illuminating star wattage. Michael Schade, Anne Schwanewilms, and Barbara
Hannigan performed in two concerts with two larger-than-life conductors
Thielemann and Rattle. We were taken on three thrilling adventures.
Lyric Opera of Chicago’s original and superbly cast production of Hector Berlioz’s Les Troyens has provided the musical public with a treasured opportunity to appreciate one of the great operatic achievements of the nineteenth century.
The Little Opera Company opened its 21st season by championing its own, as it presented the world premiere of Winnipeg composer Neil Weisensel’s Merry Christmas, Stephen Leacock.
In 2015, Bampton Classical Opera’s production of Salieri’s La grotta di Trofonio - a UK premiere - received well-deserved accolades: ‘a revelation ... the music is magnificent’ (Seen and Heard International), ‘giddily exciting, propelled by wit, charm and bags of joy’ (The Spectator), ‘lively, inventive ... a joy from start to finish’ (The Oxford Times), ‘They have done Salieri proud’ (The Arts Desk) and ‘an enthusiastic performance of riotously spirited music’ (Opera Britannia) were just some of the superlative compliments festooned by the critical press.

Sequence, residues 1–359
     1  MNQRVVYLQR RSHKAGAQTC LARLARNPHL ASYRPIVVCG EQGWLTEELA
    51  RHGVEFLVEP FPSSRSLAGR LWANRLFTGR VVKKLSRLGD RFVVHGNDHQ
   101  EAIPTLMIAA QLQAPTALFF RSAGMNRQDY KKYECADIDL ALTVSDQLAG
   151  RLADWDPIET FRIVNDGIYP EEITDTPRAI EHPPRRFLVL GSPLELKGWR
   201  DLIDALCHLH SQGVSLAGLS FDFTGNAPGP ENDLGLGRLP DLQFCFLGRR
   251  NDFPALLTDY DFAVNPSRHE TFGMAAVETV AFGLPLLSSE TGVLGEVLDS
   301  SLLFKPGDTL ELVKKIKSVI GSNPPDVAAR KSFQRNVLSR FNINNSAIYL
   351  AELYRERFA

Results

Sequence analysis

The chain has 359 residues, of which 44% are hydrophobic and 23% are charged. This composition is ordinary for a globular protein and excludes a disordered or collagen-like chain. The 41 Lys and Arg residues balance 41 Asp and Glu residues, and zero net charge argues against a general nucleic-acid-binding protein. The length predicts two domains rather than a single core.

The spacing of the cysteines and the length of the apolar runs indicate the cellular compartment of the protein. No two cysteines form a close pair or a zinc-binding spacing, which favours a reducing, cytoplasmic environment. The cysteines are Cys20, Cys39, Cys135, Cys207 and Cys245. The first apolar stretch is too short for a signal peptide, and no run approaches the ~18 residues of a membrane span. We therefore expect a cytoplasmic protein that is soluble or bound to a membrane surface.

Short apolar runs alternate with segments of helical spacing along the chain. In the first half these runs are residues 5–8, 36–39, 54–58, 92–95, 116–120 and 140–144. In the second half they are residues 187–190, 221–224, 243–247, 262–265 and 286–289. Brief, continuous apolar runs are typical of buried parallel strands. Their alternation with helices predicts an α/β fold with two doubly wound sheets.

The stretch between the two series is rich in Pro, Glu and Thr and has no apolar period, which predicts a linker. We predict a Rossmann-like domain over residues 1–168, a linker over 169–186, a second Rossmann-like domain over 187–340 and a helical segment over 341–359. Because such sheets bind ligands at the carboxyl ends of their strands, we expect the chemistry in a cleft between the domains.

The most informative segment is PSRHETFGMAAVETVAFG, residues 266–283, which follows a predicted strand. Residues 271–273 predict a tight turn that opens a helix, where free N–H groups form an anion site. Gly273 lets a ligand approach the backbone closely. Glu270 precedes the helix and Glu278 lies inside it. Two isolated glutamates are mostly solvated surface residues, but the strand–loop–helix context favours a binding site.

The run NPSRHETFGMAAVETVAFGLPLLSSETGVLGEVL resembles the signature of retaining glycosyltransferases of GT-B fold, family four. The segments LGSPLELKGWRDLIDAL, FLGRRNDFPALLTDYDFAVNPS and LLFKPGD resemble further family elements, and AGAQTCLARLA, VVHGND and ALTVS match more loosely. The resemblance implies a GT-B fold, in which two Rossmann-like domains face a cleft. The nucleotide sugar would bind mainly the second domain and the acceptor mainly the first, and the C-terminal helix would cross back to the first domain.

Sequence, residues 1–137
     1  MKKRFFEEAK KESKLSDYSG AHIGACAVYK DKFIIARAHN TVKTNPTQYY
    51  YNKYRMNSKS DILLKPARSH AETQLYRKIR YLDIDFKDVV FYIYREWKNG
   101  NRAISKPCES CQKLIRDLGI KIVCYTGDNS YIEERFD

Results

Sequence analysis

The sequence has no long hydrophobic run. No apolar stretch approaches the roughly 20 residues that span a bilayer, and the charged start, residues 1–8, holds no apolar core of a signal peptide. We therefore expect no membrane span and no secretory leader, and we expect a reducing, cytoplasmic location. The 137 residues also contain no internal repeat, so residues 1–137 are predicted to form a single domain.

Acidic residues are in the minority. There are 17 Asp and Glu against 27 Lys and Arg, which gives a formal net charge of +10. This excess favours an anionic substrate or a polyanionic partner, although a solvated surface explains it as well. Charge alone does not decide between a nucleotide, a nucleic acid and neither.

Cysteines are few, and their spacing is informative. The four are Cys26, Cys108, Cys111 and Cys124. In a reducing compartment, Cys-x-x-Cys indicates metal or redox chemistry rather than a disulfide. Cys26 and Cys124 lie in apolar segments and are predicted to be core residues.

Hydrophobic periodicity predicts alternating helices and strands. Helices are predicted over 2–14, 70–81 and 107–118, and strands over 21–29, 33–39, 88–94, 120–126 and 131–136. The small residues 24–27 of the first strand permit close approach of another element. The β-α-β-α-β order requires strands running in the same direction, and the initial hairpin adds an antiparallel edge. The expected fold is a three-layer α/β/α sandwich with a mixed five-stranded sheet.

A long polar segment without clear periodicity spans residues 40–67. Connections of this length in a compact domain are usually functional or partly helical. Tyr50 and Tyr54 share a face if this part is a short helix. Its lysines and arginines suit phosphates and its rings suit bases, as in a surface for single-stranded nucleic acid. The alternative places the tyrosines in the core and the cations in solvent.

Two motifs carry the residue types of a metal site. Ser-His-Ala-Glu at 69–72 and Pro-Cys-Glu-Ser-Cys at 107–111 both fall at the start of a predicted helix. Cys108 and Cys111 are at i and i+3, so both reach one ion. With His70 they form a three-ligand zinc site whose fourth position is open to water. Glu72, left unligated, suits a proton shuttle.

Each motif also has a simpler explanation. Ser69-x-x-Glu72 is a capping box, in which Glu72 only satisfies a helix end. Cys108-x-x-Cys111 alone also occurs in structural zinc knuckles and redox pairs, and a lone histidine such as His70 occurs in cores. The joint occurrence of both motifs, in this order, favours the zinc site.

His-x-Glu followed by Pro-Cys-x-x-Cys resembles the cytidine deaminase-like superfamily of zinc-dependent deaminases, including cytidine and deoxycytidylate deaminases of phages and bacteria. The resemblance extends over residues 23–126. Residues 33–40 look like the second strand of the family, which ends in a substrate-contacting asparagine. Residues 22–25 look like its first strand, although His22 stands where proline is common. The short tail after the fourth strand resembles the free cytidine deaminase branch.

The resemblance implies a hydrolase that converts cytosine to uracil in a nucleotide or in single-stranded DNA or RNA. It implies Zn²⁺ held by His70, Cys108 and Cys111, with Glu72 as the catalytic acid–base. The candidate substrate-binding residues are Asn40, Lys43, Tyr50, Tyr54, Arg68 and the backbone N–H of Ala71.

How many singers does it take to make an opera? There are single-role operas - Schönberg’s Erwartung (1924) and Eight Songs for a Mad King by Peter Maxwell Davies (1969) spring immediately to mind - and there are operas that just require a pair of performers, such as Rimsky-Korsakov’s Mozart i Salieri (1897) or The Telephone by Menotti (1947).
Now in its 31st year, the 2016 Christmas Festival at St John’s Smith Square has offered sixteen concerts performed by diverse ensembles, among them: the choirs of King’s College, London and Merton College, Oxford; Christchurch Cathedral Choir, Oxford; The Gesualdo Six; The Cardinall’s Musick; The Tallis Scholars; the choirs of Trinity College and Clare College, Cambridge; Tenebrae; Polyphony and the Orchestra of the Age of the Enlightment.